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But with a May 17 deadline to get their exchange offerings to the state for review, some say they don’t have the needed lead time to get well-thought-out plans off the ground. Developing a new insurance product can take a year, said officials of Blue Cross and Blue Shield of Minnesota.
Insurance broker Mary Setter has spent the past year keeping her small-business clients abreast of activity at the Legislature and explaining how the Affordable Care Act and new insurance exchanges will affect them.
“Many of our clients won’t know if they’ll go on the exchange until they know what it looks like,” said Setter, of RJF Agencies in Brooklyn Park.
Midsize businesses with more than 50 workers face the more-difficult choice — many are too small to have a human resources department but too big to avoid paying a fine if they don’t provide a decent workplace health plan. Setter said she’s already seeing more premium increases than in previous years because plans “are starting to price for provisions of health care reform,” such as women’s preventive services.
The state plans to begin a marketing campaign by summer, as it will be vital to attract young and healthy people to the exchange to spread out the risk and keep prices affordable. That’s the concept that drove the controversial individual mandate.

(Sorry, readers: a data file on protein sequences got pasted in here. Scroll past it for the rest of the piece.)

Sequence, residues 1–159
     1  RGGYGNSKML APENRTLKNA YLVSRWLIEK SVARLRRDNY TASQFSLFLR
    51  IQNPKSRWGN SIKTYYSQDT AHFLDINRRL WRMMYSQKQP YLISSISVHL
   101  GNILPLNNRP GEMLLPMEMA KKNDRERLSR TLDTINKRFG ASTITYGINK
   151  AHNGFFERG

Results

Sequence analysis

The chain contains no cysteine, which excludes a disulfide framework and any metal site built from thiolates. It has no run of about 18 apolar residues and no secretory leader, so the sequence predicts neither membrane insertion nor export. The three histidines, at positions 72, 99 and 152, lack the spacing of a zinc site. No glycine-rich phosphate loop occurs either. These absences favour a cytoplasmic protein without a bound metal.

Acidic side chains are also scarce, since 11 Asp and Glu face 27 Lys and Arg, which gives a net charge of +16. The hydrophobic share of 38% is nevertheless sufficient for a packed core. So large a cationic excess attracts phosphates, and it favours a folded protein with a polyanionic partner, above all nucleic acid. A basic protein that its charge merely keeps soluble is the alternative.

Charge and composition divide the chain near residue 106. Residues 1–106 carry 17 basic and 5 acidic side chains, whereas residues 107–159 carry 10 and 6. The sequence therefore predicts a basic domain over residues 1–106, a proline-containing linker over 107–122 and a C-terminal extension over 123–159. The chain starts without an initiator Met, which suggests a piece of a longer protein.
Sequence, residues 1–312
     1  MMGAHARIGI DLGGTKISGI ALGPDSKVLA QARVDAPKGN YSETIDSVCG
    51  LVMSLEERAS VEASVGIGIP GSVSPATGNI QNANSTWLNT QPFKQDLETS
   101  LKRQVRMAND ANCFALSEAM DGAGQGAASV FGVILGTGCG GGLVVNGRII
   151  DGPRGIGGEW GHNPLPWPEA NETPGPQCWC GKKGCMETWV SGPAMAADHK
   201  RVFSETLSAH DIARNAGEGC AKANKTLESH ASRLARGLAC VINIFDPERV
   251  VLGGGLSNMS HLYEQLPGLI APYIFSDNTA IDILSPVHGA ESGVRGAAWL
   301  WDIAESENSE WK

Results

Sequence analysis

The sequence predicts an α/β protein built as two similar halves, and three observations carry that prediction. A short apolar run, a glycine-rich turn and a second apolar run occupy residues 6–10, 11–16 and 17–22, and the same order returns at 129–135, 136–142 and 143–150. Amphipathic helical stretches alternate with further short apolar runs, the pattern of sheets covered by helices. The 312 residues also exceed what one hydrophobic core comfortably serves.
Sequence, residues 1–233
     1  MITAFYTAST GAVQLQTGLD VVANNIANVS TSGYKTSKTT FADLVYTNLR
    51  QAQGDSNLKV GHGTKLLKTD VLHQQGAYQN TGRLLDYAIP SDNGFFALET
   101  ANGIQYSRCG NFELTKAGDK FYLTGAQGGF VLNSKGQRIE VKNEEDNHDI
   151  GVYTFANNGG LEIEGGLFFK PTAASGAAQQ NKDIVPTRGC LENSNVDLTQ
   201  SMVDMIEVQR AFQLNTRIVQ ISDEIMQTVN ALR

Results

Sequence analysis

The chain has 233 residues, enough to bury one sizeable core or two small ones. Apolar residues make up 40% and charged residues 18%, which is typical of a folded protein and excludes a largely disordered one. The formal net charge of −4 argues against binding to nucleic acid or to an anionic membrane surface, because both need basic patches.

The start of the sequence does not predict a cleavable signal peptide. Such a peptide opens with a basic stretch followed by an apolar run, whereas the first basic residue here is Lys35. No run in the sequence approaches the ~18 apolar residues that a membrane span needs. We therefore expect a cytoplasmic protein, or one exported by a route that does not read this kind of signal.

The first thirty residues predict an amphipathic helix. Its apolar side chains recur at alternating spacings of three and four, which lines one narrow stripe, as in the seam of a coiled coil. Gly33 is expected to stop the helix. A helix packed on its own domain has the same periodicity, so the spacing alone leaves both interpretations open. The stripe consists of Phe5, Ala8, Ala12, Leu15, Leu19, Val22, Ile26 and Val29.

At Ovation Framing, Borowicz and Drury want to expand their $800,000-a-year business, which produces framed promotional and original artwork, mostly for corporate clients.
The company faces a 10 percent hike in premiums this year through Blue Cross and Blue Shield, Borowicz said. He is 61 and Drury is 64, skewing the pool for their more-youthful employees, who are in their 20s, 30s and 40s.
“I want it to be a fair market,” Borowicz said. “I don’t want these discriminated pools.”
The policy renewal comes up in May, and Borowicz said he’s hoping to find a bridge solution until he can comparison shop on the exchange in October.
Because Ovation has fewer than 50 workers, Borowicz can either use the exchange to buy group coverage or give his employees a set amount of money and let them find the health plan that best suits their individual needs. Borowicz isn’t sure which tack he will take.
“It’s a big culture shift to have people go out and do it on their own, even if it might take care of my headaches” he said.
“I’m president — and janitor — but I’m also the HR guy. Employees like HR.”
Jackie Crosby • 612-673-7335